NORFOLK, Va. – The world’s first nuclear-powered aircraft carrier was retired from active service on Saturday, temporarily reducing the number of carriers in the U.S. fleet to 10 until 2015.
The USS Enterprise ended its notable 51-year career during a ceremony at its home port at Naval Station Norfolk, where thousands of former crew members, ship builders and their families lined a pier to bid farewell to one of the most decorated ships in the Navy.
It’ll be a special memory. The tour yesterday was a highlight of the last 20 years of my life. I’ve missed the Enterprise since every day I walked off of it, said Kirk McDonnell, a former interior communications electrician aboard the ship from 1983 to 1987 who now lives in Highmore, S.D.
The Enterprise was the largest ship in the world at the time it was built, earning the nickname Big E. It didn’t have to carry conventional fuel tanks for propulsion, allowing it to carry twice as much aircraft fuel and ordnance than conventional carriers at the time. Using nuclear reactors also allowed the ship to set speed records and stay out to sea without ever having to refuel, a time when ships are vulnerable to attack.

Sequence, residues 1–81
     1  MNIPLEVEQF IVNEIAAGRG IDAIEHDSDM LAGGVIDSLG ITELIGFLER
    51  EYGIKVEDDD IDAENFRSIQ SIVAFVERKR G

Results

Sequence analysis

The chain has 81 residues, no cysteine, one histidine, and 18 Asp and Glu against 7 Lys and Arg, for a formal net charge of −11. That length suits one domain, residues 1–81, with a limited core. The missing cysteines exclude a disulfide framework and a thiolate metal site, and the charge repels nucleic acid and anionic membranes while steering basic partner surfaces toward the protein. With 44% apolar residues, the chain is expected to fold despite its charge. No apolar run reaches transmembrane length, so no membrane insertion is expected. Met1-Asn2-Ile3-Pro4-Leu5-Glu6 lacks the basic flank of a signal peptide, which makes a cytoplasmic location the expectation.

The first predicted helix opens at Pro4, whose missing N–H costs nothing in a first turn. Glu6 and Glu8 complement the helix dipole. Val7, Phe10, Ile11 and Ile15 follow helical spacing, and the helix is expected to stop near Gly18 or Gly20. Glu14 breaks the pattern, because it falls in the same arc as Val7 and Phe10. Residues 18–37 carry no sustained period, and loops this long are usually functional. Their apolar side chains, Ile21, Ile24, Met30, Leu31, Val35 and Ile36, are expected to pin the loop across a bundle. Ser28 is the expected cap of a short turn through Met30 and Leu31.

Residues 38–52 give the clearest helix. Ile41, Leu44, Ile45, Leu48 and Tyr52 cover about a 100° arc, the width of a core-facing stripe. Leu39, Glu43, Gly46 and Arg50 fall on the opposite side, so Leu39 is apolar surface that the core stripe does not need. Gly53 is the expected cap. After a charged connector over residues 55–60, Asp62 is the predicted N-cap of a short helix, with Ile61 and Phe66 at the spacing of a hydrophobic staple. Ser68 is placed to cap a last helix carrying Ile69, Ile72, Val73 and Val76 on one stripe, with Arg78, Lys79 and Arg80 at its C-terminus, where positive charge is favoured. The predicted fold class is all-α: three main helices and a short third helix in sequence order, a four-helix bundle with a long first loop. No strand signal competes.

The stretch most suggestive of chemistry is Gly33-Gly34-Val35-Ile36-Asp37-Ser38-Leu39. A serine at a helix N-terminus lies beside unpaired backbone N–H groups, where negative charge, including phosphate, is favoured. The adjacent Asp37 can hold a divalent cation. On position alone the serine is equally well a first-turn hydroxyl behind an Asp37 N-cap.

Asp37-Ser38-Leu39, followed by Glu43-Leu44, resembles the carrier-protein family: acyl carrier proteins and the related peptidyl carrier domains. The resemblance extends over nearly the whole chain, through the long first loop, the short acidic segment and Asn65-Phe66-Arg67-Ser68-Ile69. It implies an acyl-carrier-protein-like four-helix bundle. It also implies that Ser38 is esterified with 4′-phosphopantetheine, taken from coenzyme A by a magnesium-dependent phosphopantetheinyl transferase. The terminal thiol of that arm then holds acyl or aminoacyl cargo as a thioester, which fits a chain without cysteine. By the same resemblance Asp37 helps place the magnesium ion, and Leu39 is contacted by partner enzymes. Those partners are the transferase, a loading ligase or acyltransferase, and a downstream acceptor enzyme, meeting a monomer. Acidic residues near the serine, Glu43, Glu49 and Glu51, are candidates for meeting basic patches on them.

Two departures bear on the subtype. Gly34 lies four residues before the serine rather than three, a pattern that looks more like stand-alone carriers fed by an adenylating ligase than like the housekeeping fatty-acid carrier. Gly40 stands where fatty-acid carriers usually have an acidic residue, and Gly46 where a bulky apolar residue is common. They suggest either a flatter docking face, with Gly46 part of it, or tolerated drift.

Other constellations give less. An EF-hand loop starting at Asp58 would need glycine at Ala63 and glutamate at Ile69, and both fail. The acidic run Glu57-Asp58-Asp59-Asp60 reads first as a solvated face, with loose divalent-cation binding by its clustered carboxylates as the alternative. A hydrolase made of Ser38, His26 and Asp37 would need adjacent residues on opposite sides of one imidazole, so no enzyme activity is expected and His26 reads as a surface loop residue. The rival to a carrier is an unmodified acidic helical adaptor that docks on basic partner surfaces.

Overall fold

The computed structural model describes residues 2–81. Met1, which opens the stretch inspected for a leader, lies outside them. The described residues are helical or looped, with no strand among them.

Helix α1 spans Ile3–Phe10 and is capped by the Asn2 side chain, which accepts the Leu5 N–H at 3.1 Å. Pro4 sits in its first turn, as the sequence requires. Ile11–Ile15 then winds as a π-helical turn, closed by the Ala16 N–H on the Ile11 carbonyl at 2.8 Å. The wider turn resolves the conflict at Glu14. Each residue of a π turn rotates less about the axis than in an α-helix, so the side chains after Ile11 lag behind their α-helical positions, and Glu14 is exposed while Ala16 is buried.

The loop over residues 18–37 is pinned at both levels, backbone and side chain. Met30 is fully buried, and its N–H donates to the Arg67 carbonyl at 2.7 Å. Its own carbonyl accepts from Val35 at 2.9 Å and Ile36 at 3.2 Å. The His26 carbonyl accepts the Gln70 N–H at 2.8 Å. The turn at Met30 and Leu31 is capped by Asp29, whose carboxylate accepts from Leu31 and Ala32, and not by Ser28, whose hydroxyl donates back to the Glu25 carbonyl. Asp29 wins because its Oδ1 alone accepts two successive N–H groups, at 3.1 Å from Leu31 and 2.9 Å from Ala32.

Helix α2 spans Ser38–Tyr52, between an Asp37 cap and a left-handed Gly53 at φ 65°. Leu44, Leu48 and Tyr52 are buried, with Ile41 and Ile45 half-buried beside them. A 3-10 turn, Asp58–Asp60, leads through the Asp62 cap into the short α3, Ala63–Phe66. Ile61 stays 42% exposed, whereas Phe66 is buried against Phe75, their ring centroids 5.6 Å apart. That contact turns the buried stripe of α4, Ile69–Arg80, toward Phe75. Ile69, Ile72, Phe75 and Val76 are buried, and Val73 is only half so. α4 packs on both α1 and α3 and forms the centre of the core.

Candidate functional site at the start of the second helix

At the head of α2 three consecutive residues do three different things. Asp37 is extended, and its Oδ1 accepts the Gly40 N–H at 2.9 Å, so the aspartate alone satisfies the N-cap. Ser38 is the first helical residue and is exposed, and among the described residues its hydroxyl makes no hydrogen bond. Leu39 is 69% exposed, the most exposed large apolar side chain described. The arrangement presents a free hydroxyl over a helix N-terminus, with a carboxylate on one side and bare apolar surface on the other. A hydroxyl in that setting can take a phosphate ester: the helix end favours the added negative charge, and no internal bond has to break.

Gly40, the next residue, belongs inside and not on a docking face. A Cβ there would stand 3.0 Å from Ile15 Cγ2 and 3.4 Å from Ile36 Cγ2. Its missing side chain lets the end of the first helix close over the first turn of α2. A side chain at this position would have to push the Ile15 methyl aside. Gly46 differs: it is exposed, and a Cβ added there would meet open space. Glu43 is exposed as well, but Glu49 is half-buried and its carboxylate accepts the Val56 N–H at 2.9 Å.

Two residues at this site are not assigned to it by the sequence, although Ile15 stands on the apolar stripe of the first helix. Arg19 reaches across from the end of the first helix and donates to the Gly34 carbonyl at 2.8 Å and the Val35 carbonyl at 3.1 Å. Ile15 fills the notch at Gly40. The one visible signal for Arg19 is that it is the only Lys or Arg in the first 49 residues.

Nuclear propulsion changed everything, said Adm. John Richardson, director of Naval Reactors.
Every other aircraft carrier in the U.S. fleet is now nuclear powered, although they only have two nuclear reactors each compared to the Enterprise’s eight. The Enterprise was the only carrier of its class ever built.
It was designed to last only 25 years but underwent a series of life-extending upgrades.
The ship served in every major conflict since participating in a blockade during the Cuban Missile Crisis.
Enterprise was headed back to Virginia following a regularly scheduled deployment when the Sept. 11 attacks happened. As soon as the ship’s captain saw the attacks he turned around without orders to steam toward southwest Asia, where it later launched some of the first attacks against Afghanistan.
It has been returning to that region of the world ever since then. Its 25th and final deployment ended last month.